By Sean Sylver, 98.5 The Sports Hub
BOSTON (CBS) -- Every now and then, I return to a text message from a friend that I will never delete:
This team wasn't 12 guys playing ball. It was my return to Massachusetts, the weddings of friends, and the only years I will talk about when I'm old.
The text was received in the late hours of June 9, 2012, after the final horn sounded on another Celtics season. For an instant, we had believed anything was possible, again.
A disjointed, lockout-shortened campaign began with veteran David West spurning the Celtics to sign with Indiana, continued to erode with Jeff Green's heart surgery, Chris Wilcox's heart surgery, the inevitable tow truck call for Jermaine O'Neal and a season-ending shoulder injury to promising second-year guard Avery Bradley. And yet, somehow, 36-year old Kevin Garnett dragged an ancient and desperately thin Boston roster to the doorstep of the game's biggest stage. As was his custom, KG was all heart as he posted averages of 19 points, 10 rebounds and 1.5 blocks per game in the playoffs and Boston charged to a 3-2 Conference Finals lead over LeBron James, Dwyane Wade and the Miami Heat.
They couldn't get that last one. Chris Bosh came back, LeBron went nuclear in Game 6, and the Heat slammed the window with a thud in Game 7 before a throng of freshly minted, white t-shirt wearing LeBron acolytes. With the Celtics continuing their collective trudge to AARP membership, many viewed it as the end of an era.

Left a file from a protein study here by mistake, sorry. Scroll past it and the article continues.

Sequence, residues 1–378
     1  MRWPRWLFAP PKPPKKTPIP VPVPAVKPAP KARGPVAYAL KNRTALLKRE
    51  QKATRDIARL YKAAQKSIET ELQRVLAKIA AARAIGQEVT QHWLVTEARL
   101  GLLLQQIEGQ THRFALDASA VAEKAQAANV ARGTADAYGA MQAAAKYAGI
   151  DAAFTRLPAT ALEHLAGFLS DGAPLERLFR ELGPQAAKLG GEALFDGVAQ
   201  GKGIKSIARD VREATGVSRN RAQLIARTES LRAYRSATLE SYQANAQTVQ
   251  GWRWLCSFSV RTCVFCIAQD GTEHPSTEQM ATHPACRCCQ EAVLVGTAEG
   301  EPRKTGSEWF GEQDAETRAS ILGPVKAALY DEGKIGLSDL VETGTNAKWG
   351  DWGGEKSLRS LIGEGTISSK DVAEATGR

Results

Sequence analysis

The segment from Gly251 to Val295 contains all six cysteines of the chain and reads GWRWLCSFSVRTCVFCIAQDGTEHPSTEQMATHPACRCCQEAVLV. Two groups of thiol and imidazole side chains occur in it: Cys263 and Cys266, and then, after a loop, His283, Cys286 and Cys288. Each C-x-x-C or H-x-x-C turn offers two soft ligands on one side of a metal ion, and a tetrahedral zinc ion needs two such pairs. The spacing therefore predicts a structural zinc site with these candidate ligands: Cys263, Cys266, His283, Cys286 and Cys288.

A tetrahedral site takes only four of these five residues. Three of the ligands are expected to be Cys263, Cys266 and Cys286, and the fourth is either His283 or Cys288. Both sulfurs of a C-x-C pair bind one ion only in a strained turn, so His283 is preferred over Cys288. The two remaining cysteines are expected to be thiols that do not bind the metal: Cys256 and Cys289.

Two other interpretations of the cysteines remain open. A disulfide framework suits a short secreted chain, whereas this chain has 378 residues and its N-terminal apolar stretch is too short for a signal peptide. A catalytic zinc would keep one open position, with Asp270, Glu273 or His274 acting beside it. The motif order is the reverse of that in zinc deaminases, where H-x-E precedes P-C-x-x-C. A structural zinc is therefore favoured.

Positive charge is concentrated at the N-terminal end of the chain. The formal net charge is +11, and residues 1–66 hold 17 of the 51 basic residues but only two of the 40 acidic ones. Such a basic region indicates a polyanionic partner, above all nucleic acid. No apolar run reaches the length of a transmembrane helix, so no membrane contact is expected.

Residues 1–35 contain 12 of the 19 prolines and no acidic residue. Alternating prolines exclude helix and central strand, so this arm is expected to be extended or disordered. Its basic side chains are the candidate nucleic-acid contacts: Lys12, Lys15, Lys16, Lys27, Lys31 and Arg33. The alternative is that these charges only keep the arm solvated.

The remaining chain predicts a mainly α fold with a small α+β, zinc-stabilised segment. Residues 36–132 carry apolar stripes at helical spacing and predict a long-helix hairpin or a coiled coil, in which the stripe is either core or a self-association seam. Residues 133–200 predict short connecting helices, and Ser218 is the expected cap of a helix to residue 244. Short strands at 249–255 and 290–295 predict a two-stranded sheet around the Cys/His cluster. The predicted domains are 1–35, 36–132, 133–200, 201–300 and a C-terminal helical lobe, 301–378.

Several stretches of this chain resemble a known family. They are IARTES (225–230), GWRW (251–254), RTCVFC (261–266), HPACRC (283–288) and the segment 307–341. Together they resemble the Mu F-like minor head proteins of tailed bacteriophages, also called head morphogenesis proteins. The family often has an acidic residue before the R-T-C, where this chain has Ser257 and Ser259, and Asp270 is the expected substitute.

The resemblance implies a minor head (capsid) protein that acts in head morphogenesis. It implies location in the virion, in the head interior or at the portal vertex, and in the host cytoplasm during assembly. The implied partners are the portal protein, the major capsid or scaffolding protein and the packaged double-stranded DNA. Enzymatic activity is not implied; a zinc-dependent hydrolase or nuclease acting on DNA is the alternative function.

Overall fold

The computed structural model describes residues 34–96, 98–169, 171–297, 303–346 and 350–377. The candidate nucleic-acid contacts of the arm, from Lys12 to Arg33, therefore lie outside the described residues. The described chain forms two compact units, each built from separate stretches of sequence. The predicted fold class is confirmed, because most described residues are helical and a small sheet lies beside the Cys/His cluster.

Rewind five more years, to the summer of 2007. For the second time in a decade, the Celtics tried to tank for the No. 1 pick and failed. I was unemployed. My buddy had just moved back after a stint working on the west coast and yes, all of our friends were getting married.
In fact, it was ten years ago this past weekend that I attended the very first wedding of a childhood friend. The festivities took place just outside of Seattle. I spent a couple of days in the city, visited the Space Needle, saw a Mariners game, and checked out Sue Bird and the Storm over at Key Arena, a building all but condemned by the fracking cowboys who'd just purchased the Sonics, but one that had actually hosted an NBA Finals in the preceding 20 years (unlike Boston). On July 31, 2007, I returned to the east coast.
And when I stepped off the plane, I learned Kevin Garnett had been traded to the Celtics.
This changed everything. Celtic Pride had largely been dormant, amounting to little more than a trite catchphrase for the better part of two decades. A 2002 Conference Finals run behind Jim O'Brien's three-happy offense only briefly rustled fans from their collective slumber. But Garnett: the glowering, ultra-talented power forward prototype, in green and flanked by Paul Pierce and Ray Allen? That was a wakeup call to the entire region. And to the league.
What's more, following a twelve-year run in Minnesota where he stood as the sole living monument to the history of a franchise, KG was ready to be part of a tradition. Garnett embodied Celtic Pride by his sheer nature: a hyper-competitive madman ready to run through a wall to win a basketball game. He was the guy you hated if he wasn't on your team but loved with your whole heart and fiercely defended if he was. But he also exhibited a unique awareness as to why it all mattered. KG launched himself into the arms of the city upon arrival, ushering an embrace that hasn't let up in the decade since.